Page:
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Toddlers fend for themselves in immigration court thanks to Trump

Shoes and toys left at a port of entry to the U.S. in Tornillo, Texas. | Brendan Smialowski/AFP/Getty Images

There is a problem in the courtroom.

The hearing cannot begin until the subject standing before the court is seated.

But she needs help to sit in the chair at the table.

Her legs are too short to reach the chair.

Maria is 2.

Her volunteer attorney reaches down and gently lifts her into the chair. She is handed a stuffed owl that she hugs during the first of two hearings deciding her fate.

At the same table is another respondent who is better prepared. He climbs into the chair by himself and passes on the offering of a stuffed bear. He has his eye on a little Matchbox car that he pushes and pulls across the table as the hearing progresses.

Hamilton is 4.

These two toddlers, whose names have been changed to protect their identities, are the victims of “zero tolerance,” a policy under the Trump administration that forcibly separated children from their parents when they came to the southern border of the United States.

OPINION

According to official estimates, Maria and Hamilton are two of the nearly 2,700 minors who were taken into custody by our government. These little kids were transported from California and Texas to Chicago, thousands of miles away from their mothers and fathers. In a matter of days, they were moved from the dry and deadly desert of Northern Mexico to the bureaucratic sea of the United States, from the protective arms of their parents to a courtroom crowded with strange faces in a high-rise building in downtown Chicago.

Though President Trump officially revoked his family separation policy weeks ago, the administration reported on August 9 that there are still more than 500 children who have not been reunited with their parents despite an order from a federal judge mandating reunification. Some of the parents have been deported. Some, such as the parents of these two toddlers, are being investigated.

The administration also reported that there are at least 70 children for whom they either cannot yet identify a relative or have not yet contacted a relative. All of these children lurch from hearing date to hearing date in our broken immigration system.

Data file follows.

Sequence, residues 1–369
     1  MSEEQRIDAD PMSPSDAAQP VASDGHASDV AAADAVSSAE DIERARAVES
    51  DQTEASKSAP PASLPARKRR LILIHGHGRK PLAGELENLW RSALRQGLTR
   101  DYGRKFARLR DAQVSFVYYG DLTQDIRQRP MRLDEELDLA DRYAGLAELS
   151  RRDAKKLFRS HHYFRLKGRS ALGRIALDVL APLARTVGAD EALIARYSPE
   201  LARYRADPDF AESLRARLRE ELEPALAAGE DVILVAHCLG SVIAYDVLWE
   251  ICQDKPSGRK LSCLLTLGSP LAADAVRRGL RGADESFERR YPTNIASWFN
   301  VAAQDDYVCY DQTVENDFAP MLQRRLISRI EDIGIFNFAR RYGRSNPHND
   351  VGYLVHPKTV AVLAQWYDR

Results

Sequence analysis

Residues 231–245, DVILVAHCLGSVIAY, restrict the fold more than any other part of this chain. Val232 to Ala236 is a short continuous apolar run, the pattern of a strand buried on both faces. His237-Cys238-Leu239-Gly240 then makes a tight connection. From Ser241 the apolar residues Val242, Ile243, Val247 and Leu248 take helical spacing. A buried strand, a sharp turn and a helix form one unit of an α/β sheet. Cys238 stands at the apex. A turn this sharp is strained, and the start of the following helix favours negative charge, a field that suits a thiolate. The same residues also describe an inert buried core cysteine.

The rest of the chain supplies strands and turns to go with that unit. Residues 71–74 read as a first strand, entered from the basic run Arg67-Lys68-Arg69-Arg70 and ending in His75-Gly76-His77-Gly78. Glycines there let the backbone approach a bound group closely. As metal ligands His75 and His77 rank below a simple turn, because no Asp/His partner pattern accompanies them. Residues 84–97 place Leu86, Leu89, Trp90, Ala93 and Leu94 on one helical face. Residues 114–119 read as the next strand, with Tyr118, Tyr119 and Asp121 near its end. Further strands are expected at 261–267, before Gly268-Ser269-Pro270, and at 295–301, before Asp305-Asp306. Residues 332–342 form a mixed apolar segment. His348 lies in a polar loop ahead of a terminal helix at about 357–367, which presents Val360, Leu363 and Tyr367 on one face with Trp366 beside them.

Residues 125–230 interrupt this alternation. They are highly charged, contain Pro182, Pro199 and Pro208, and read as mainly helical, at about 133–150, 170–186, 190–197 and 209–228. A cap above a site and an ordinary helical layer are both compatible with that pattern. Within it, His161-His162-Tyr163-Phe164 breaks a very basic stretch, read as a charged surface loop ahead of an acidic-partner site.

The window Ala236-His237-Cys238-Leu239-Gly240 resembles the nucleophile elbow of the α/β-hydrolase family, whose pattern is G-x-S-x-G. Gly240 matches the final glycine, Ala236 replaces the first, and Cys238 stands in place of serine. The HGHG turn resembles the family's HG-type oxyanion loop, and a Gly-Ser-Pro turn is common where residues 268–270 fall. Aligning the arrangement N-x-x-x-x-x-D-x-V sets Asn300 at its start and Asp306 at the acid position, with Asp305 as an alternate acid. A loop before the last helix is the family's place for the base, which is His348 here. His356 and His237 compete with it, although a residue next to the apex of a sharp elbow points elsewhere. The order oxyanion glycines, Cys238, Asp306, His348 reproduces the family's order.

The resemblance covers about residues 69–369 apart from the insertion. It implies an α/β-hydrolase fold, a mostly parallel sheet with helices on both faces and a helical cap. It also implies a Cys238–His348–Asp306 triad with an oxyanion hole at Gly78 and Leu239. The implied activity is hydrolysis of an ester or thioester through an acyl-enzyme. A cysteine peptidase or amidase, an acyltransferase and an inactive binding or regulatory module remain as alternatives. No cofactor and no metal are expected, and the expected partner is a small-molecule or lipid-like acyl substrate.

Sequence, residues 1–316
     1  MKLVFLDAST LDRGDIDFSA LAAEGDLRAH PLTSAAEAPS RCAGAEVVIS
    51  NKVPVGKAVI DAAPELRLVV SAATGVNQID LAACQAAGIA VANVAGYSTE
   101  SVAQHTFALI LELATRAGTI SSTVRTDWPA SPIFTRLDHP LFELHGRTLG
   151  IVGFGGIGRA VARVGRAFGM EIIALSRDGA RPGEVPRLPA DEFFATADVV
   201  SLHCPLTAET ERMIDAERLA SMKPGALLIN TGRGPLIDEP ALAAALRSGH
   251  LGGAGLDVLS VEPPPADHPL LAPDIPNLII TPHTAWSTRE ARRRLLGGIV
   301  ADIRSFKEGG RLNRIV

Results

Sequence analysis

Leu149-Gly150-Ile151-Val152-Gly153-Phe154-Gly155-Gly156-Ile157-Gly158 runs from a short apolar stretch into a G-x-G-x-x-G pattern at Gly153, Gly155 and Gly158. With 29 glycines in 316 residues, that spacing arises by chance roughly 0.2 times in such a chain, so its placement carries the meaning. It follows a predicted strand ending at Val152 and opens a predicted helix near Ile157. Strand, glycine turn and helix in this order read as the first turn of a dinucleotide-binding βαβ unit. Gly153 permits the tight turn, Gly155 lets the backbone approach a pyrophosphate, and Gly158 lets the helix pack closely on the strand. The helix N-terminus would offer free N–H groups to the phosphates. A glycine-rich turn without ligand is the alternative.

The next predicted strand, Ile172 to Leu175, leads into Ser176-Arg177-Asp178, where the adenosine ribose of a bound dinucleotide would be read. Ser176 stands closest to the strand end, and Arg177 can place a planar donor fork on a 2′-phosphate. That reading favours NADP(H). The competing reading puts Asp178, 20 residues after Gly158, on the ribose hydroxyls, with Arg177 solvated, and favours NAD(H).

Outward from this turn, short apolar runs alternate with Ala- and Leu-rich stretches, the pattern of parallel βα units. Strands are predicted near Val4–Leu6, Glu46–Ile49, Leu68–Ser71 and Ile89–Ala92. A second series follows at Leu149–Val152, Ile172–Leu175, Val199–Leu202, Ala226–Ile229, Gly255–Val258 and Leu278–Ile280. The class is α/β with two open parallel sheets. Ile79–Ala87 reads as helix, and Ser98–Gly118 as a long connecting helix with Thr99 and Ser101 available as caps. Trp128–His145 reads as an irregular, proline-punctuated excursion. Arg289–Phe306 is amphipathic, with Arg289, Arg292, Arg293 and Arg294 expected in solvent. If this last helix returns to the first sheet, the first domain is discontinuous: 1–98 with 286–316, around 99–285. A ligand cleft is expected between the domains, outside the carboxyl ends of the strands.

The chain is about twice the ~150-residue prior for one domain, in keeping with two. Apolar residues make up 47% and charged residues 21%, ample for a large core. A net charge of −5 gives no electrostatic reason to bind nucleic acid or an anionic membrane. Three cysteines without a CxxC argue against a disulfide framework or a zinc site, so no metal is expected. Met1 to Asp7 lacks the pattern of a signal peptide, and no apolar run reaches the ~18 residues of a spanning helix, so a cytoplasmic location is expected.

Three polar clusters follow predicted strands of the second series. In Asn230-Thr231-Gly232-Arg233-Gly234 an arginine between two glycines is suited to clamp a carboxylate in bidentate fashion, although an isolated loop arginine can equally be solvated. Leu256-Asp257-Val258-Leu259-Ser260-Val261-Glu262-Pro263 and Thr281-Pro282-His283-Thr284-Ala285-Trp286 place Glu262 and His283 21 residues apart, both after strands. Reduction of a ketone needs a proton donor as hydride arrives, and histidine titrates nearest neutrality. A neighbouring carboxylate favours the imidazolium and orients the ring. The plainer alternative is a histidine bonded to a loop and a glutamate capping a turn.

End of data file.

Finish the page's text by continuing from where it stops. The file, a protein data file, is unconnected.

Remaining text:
The judge in this particular immigration courtroom is Jennie L. Giambastiani, a jurist with 16 years on the bench who knows well the Byzantine laws and procedures that decide the fate of these toddlers — toddlers whom the government now deems “unaccompanied children” because they were forcibly separated from their families at the border. Presiding in a compact, windowless courtroom, she sits in her black robe before an imposing seal of the United States Department of Justice.

You sense immediately that she is a caring person as she waits patiently for Maria to get a helping hand into her chair and compliments a 5-year-old little girl on her pretty dress. She worries about a 17-year-old who is only days away from turning 18 and crossing into a new legal status because he will no longer be a minor.

As she waits for a Portuguese translator, she playfully chides a familiar teenage boy, saying that by now his English has progressed to a point where he doesn’t need help. On this morning, nearly every case before her is continued for four months until the next hearing. “Waiting for documents” is a phrase repeated over and over.

The hallways outside the courtroom are packed with lawyers and respondents waiting for their hearing. Judge Giambastiani has a lengthy docket posted. The system has been swamped by the Trump administration’s decision to indiscriminately target immigrants for removal rather than focus limited resources and personnel on those who are truly dangerous.

The immigration system in America is crying out for comprehensive reform: 11 million remain undocumented, including more than 800,000 young people with DACA cast adrift by the Trump administration’s decision to abolish the program; more than 300,000 are losing their Temporary Protected Status due to the Administration’s order; more than 500 children remain separated from their families; refugee admissions are at their lowest level in decades despite an unprecedented global refugee crisis; and immigration reforms needed for agriculture and business are stalled.

Earlier this year, President Trump stopped the only bipartisan effort in the Senate to address many of these serious challenges, and his own bill was rejected in the Senate by a 39-60 bipartisan vote.

While the immigration chaos builds, 2-year-old Maria waits for her next court appearance five days before Christmas.

Sen. Richard Durbin of Illinois is a ranking member of the Senate Immigration Subcommittee. He observed immigration court proceedings in Chicago on Aug. 9.

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